Dear Jew in the City,
Why is it a mitzvah not to free a slave? That seems pretty messed up.
Thanks for your question. Before I answer, let me contextualize things for readers.
We previously discussed a question about slavery, specifically how American Jews might or might not have participated in the American slave trade. As we say there, claims that Jews controlled the slave trade is an anti-Semitic canard, the same as claims that that Jews control the media, the banks or the government. In reality, Jews only accounted for about 1% of slave holders in the South.
I received several follow-up questions to that article, one of which is this one, which I’d like to address here. Allison (the titular Jew in the City) forwarded it to me along with a screenshot of a quote from the Talmud (Brachos 47b), which cites a Torah prohibition against freeing Canaanite servants (Leviticus 25:46).
As is usually the case, things are not quite as black-and-white as the bullet point might make it seem.
First, let’s address the reason for such a mitzvah. A Canaanite servant is like a partial convert; he keeps the same mitzvos that a Jewish woman keeps, i.e., he is exempt from positive, time-bound mitzvos, like tzitzis and tefillin. A master has one year to persuade a Canaanite servant to undergo circumcision and immerse in a mikvah in order to accept this role. If the servant does not consent, he must be sold. If he does consent, he becomes a permanent member of the master’s household.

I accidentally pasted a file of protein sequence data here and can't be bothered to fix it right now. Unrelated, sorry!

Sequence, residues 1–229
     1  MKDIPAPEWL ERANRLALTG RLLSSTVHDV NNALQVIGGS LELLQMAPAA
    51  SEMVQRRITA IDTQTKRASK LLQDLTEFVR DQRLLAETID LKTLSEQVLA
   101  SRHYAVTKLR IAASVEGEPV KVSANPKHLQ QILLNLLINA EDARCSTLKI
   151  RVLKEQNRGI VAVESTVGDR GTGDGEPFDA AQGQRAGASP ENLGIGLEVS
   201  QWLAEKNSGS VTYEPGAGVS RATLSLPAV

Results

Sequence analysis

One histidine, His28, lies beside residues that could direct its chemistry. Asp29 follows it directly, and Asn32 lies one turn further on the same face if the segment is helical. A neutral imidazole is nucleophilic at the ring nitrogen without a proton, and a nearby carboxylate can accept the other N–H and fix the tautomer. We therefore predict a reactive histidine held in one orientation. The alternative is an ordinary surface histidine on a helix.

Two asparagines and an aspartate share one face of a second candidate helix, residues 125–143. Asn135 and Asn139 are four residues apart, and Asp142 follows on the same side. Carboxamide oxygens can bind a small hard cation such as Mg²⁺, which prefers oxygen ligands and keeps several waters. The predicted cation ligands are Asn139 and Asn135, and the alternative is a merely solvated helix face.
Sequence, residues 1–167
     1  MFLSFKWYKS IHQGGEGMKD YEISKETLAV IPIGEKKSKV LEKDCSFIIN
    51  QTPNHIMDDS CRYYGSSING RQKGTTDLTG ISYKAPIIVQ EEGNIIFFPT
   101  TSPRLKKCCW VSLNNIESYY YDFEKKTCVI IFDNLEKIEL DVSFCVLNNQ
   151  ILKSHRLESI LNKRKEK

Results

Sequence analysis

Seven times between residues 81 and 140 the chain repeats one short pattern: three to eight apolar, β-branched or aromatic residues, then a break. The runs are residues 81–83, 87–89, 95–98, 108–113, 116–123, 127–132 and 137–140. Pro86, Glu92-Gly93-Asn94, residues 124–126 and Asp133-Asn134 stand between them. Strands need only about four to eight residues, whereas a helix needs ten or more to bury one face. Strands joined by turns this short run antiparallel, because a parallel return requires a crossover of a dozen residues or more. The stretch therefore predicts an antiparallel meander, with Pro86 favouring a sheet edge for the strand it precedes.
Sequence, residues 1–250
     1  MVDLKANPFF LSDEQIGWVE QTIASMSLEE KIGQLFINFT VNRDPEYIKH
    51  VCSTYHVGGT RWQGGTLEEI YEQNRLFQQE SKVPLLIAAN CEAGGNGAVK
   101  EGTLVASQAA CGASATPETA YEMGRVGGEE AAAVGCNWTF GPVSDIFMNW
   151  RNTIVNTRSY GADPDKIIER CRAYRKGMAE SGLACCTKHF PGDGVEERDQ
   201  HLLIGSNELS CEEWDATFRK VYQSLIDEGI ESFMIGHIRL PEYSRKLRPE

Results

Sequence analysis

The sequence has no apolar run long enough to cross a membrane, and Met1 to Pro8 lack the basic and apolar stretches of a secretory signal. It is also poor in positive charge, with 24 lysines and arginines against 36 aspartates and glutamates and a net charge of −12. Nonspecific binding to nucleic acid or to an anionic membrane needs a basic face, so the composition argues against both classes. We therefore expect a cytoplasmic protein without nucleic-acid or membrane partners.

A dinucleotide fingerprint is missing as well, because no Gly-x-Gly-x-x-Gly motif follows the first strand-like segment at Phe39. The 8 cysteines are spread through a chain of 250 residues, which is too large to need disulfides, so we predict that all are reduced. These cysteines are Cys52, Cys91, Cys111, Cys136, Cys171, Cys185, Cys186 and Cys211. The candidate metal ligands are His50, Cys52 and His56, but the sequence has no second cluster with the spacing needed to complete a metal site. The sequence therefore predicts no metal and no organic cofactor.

This arrangement is considered beneficial because it removes the Canaanite servant from the service of idols and brings him closer to God. You will note that the servant doesn’t have to accept this deal; he could always choose to be sold to a member of another nation, though that would invariably be a worse option. As the Rambam writes in Hilchos Avadim (9:8), while it’s technically permitted to give a Canaanite servant heavy labor, the proper course of action is not to do so. One should treat his servants kindly, not overburden them and not cause them distress. He should feed them the same food he eats himself, and feed them first. One should not embarrass a servant because the law only requires them to work, not to be humiliated. One shouldn’t take his anger out on his servants; rather, one should speak to them gently and pay attention to what they have to say. As we have stated in the past, the Torah’s idea of servitude is very different from Black slavery in America, or Jewish slavery in Egypt.
All this notwithstanding, the idea of “he shall serve you forever” is not quite so ironclad as one might think. In fact, the entire fifth chapter Hilchos Avadim is dedicated to the laws of freeing Canaanite servants. Someone can buy the servant’s freedom with money, or give the servant money with the intention that he buy his own freedom (5:2). The master can write a document freeing the servant (5:3). A servant is freed if the master strikes him and severs a body part that won’t grow back (5:4). But wait, there’s more!